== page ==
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Publication numberUS5327150 A
Publication typeGrant
Application numberUS 08/025,477
Publication dateJul 5, 1994
Filing dateMar 3, 1993
Priority dateMar 3, 1993
Fee statusPaid
Also published asDE69421953D1, DE69421953T2, EP0614245A1, EP0614245B1
Publication number025477, 08025477, US 5327150 A, US 5327150A, US-A-5327150, US5327150 A, US5327150A
InventorsAlan R. Cherrette
Original AssigneeHughes Aircraft Company
Export CitationBiBTeX, EndNote, RefMan
External Links: USPTO, USPTO Assignment, Espacenet
Phased array antenna for efficient radiation of microwave and thermal energy
US 5327150 A
Abstract
An active phased array is provided that includes a plurality of subarrays (20) having an upper RF radiating panel assembly (22) including a plurality of radiating waveguides (26) and a feed waveguide (24) all formed of aluminum. RF radiating slots (28) are cut into one wall of each of the radiating waveguides and a silver-quartz mirror (42), with corresponding slots (44), is bonded to the outside surface. The array further includes a non-RF radiating lower aluminum support panel assembly (34) with a silver-quartz mirror (46) bonded to the outside face. The mirrors efficiently radiate thermal energy in the presence of sunlight. An active electronics module (30) is mounted in an aluminum housing, and includes an RF probe (56). The module 30 is supplied with RF signals, control signals and DC bias voltage over transmission lines contained in a multilayered circuit board (32). RF energy emitted by the probe is coupled from the feed waveguide to the radiating waveguides. Heat generated by the electronics module is conducted through the aluminum housing of the active electronics modules and transferred to the outer surfaces of the upper and lower panel assemblies where it is radiated into cold space.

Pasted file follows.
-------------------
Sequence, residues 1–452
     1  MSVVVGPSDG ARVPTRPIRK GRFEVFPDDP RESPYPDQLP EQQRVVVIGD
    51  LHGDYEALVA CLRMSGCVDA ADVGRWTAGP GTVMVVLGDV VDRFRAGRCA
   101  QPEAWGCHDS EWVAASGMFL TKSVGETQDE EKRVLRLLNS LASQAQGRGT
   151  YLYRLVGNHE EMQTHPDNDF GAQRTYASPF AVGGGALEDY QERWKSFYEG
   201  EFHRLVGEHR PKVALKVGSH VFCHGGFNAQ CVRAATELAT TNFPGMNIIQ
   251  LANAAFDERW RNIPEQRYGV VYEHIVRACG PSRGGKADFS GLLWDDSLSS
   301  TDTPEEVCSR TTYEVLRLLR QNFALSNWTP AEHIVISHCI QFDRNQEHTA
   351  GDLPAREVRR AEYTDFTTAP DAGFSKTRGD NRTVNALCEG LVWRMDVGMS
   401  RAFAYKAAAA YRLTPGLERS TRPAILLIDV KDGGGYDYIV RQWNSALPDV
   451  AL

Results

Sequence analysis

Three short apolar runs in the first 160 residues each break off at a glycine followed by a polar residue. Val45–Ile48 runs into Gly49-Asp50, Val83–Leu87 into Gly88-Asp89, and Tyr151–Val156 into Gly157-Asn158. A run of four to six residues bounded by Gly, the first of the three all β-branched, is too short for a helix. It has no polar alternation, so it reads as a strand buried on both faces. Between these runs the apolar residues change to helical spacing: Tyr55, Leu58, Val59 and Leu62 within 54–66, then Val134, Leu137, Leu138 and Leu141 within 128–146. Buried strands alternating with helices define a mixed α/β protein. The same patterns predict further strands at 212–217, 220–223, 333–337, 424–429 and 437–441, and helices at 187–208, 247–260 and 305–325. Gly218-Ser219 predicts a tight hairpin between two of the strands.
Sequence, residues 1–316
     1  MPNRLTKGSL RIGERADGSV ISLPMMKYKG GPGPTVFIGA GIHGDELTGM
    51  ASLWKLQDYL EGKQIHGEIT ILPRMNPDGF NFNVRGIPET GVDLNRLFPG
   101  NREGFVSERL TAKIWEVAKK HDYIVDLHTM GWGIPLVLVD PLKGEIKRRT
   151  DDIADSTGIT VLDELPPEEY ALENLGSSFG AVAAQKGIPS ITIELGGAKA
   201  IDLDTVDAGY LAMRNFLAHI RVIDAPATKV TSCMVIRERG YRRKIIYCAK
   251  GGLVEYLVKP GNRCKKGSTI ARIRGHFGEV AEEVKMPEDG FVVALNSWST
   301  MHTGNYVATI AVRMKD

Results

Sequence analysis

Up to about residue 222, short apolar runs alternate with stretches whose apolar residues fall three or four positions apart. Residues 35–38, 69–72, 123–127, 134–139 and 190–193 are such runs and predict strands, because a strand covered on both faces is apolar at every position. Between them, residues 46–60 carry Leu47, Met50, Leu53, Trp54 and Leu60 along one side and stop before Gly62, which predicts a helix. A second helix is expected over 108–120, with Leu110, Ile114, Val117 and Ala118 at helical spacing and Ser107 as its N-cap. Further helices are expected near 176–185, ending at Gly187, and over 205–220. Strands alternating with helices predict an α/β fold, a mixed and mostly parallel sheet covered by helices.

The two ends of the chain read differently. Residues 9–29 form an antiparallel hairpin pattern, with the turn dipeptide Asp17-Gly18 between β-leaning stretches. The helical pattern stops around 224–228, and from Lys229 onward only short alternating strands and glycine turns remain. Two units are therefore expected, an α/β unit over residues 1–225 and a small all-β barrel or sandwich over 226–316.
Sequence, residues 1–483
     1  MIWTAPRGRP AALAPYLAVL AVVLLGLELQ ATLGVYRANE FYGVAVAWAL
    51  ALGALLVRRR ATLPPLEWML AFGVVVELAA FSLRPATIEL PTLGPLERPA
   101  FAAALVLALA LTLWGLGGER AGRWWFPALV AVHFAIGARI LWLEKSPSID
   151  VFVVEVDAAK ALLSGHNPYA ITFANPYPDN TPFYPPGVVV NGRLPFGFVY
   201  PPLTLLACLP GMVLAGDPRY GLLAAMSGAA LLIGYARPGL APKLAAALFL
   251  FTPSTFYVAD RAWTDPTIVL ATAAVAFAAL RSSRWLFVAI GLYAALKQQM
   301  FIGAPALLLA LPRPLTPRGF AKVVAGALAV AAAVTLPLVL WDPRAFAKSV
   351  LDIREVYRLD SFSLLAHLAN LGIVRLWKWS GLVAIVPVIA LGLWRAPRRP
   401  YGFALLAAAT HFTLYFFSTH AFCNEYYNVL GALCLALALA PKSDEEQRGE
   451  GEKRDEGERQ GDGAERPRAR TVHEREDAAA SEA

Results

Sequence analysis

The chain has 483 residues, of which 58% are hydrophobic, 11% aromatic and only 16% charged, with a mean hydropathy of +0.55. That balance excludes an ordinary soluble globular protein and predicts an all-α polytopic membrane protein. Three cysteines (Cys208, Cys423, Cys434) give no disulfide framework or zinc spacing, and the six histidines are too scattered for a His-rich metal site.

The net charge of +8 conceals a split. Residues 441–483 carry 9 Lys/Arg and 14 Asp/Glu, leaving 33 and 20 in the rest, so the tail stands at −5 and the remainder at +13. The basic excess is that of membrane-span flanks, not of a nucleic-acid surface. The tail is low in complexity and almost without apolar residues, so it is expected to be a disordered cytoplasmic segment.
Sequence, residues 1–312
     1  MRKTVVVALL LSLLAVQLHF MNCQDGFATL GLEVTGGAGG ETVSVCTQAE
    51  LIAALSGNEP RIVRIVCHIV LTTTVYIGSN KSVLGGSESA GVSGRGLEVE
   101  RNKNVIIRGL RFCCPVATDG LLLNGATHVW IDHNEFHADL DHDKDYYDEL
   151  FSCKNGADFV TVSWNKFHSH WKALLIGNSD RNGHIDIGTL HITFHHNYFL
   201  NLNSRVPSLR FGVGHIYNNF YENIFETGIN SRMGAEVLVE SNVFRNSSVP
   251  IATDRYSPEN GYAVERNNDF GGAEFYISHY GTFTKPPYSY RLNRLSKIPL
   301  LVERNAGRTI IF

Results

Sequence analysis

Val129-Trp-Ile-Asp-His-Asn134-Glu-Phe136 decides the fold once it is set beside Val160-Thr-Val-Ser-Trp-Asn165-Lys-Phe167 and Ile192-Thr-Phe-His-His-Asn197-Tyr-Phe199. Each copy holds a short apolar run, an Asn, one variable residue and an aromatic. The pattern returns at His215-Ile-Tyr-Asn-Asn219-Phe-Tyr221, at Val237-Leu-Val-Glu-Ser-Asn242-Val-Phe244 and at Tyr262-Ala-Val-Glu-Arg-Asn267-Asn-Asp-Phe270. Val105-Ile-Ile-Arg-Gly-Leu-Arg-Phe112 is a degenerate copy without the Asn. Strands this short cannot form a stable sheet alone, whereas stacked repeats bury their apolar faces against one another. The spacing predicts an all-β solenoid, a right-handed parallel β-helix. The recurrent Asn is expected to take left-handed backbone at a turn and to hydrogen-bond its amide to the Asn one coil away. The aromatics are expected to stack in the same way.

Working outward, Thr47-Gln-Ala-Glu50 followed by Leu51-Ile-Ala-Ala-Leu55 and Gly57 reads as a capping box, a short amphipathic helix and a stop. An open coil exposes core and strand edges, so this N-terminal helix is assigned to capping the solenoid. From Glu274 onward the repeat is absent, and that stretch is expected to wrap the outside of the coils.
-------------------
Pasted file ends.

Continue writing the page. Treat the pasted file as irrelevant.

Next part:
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Claims(7)
What is claimed is:
1. An active phased array antenna for radiating both microwave and thermal energy comprising a plurality of subarray elements, each subarray element comprising;
heat generating means including electronic circuit means comprising a plurality of electronic components including an RF amplifying means for amplifying radio frequency energy, housing means formed of heat conducting material, means mounting said circuit means in heat conducting relationship with said housing means, RF probe means connected with said electronic circuit means, said housing means including an opening for receiving said RF probe means,